For years I would separate the muscle groups in a deer’s hind quarters and then cut them into steaks. Unfortunately, that left me with one option after I thawed them for cooking: steaks. Now, I separate the muscles, clean up the fat, silverskin and sinew before packaging them whole. That gives me a lot of options. I can still cut them into steaks, or I can do something else. More often than not, “something else” wins the day. If you don’t process your own meat, ask the butcher to leave at least some of the meat whole. It’s easy enough to cut it later. Besides, any butcher I have ever used has always cut the steaks too thin.
One of the best ways I have found to cook big chunks of hind-quarter meat is by braising, though truth be known, it’s not *true* braising. Braising calls for the meat to be surrounded by liquid, but not covered. With true braising, the liquid will come half to two-thirds of the way up the meat. I cover mine, so I guess it’s not braising, but closer to stewing if we wanted to get technical. I can tell you, however, that it’s one of the best ways to cook venison I have yet found.
Any large piece of meat will work, but I like the muscle from the hind leg that is semi-round in shape and looks like a deflated football. I don’t know the exact name, but I have heard it called the sirloin tip. No matter, it’s a distinctive looking piece of meat and anybody who has ever cut up a deer knows exactly what I am talking about.
For years I used a 5-quart cast iron pot made by Lodge. They call it a Dutch Oven, but it lacks the legs that we typically see on a Dutch oven. I think that a lot of us like cast iron not only for its cooking qualities, but because we like to tinker with it. Cast iron is unique in its care and feeding. It needs to be seasoned and then cared for gently to maintain that seasoning.
I fall into that “love to tinker” category, most of the time. But I must confess, after my wife gave me a Lodge 6-quart enameled Dutch oven, for recipes like this I have never looked back. Clean up is easy, soap and water, nothing sticks. No seasoning needed yet you still get the even heating of cast iron.
Of course, they will pry my cast-iron cooking tools from my cold dead hands before I give them up. Nothing is quite the same for cooking game or camp cooking. But for this recipe (and the Maple Venison Stew—stay tuned to americanhunter.org for that one), the enameled version is a lot easier to clean. It’s also not affected by the high acid found in tomato or wine-based recipes, as cast iron can be.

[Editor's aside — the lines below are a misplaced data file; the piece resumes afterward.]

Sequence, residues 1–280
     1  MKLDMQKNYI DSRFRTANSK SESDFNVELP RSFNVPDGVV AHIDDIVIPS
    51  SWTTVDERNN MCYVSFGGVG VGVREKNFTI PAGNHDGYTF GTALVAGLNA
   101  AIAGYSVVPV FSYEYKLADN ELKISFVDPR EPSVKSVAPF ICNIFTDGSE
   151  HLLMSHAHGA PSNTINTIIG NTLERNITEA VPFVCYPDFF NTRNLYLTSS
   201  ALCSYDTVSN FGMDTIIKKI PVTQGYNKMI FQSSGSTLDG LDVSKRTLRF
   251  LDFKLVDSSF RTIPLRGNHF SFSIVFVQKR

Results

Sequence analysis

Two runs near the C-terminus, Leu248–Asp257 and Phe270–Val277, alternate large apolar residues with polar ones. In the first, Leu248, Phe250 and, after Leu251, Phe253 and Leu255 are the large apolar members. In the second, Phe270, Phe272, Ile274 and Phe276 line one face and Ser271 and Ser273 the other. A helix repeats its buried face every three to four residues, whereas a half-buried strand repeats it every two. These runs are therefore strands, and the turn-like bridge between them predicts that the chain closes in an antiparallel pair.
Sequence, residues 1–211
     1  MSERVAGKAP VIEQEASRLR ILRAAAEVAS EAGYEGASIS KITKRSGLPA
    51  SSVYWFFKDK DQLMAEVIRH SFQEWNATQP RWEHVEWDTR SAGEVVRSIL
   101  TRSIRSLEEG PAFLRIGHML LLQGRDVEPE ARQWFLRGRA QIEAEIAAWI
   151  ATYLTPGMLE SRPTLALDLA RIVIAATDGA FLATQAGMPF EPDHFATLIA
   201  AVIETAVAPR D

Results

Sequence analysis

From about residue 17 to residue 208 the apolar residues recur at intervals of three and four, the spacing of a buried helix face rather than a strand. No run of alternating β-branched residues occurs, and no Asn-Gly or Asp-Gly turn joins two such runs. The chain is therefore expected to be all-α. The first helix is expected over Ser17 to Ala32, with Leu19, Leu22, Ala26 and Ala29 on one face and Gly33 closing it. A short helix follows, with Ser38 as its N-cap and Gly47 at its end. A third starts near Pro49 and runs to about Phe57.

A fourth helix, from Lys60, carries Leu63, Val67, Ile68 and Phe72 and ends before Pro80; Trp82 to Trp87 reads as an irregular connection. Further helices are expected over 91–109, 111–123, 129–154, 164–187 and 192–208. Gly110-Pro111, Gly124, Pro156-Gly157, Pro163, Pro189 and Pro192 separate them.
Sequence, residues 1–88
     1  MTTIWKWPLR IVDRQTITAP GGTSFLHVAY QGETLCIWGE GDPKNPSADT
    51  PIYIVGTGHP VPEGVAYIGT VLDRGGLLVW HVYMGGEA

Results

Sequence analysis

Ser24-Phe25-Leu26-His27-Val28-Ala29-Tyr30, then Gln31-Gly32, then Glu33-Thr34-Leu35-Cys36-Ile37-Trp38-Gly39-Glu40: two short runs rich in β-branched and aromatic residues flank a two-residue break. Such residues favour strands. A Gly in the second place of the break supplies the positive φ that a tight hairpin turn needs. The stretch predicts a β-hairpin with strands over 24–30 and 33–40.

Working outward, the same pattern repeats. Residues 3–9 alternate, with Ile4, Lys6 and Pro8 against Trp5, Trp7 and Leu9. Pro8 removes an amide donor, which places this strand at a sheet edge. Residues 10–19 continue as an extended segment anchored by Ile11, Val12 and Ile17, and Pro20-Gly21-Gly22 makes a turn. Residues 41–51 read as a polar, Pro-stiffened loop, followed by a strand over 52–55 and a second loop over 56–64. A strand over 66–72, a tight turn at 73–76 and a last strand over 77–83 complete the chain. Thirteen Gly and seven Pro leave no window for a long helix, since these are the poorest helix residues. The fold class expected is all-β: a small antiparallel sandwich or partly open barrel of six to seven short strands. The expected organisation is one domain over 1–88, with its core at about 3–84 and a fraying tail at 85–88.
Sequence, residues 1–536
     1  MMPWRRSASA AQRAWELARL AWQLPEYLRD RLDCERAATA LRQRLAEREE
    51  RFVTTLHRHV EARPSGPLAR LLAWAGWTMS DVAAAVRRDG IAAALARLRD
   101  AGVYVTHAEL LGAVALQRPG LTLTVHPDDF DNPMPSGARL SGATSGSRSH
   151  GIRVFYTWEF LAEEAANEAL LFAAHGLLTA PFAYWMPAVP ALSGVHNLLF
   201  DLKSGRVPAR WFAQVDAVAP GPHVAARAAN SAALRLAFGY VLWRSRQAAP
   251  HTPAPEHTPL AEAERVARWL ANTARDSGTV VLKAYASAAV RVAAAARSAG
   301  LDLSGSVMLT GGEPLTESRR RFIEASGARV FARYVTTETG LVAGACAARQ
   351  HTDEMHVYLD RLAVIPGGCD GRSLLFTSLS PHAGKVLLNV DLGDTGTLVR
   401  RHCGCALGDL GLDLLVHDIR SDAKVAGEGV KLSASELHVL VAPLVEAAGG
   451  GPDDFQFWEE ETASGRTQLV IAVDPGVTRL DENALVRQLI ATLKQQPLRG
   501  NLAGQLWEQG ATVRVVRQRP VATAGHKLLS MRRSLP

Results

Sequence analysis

- Clean the meat and remove as much fat and sinew as possible. The silverskin in this case is not a big problem, as it will dissolve into a gelatin during cooking which adds to the flavor.
- Cover the bottom of the pot with a thick layer of olive oil, maybe 1/8th of an inch deep and heat on high until it’s smoking. Keeping the heat high, brown the meat on all sides until the edges are well caramelized or brown. This initiates the Maillard effect for the best flavor. You may need to add more olive oil during this process.
- Add other ingredients and seasonings, then enough beef broth to cover the meat. Bring to a full boil while stirring, then reduce heat and simmer while covered for a minimum of one hour per pound of meat. Stir occasionally.
- When done, the meat will pull apart with a fork. It’s important to cook it long enough. If you take it out too soon the meat will be dry and tough. Cook until you can pull it apart with a fork, then serve.
- Mix a cup of the broth with a package of brown gravy mix to pour over the meat and potatoes when serving.
- 2- to 3-pound piece of venison.
- (The meat will cook down, so figure one pound pre-cooked weight, per person, depending on appetite).
- 1 Vidalia onion cut into medium size pieces.
- ½ pound of mushrooms, White Button or Baby Bella, sliced.
- (I love mushrooms and prefer these. My wife does not, so sometimes we make it without them. On the whole, I think they add greatly to the flavor).
- 1 cup of baby carrots cut into ½-inch pieces. (They can be left whole if preferred).
- 1 cup of baby potatoes, quartered.
- (These can also be left whole if desired. I think the flavor is better if they are cut into pieces to expose the inside).
- ¼ teaspoon of sage
- ½ teaspoon of oregano
- ½ teaspoon of rosemary
- ½ teaspoon of ground black pepper
- 1 bay leaf
- ½ teaspoon of kosher salt
- 1 teaspoon of minced garlic
- 2 cups of red wine.
- (I buy the cheap, dark-red wine in the one-serving boxes. If you don’t like wine, substitute a cup of tomato sauce. The acid in wine or tomato sauce helps break down the meat to make it tender).
- Beef broth to cover. You can use beef stock, but I think the flavor is better with broth.
I keep a printed copy of my favorite game recipes so that I can make notes about changes or tweaks I make when I am experimenting. My wife was making hand written notes on the bottom of my master copy of this recipe the last time we made this. Her final instructions are:
“Set fire to the kitchen, twice.”
My advice is to skip this step—it makes a horrible mess and it really aggravates the wife.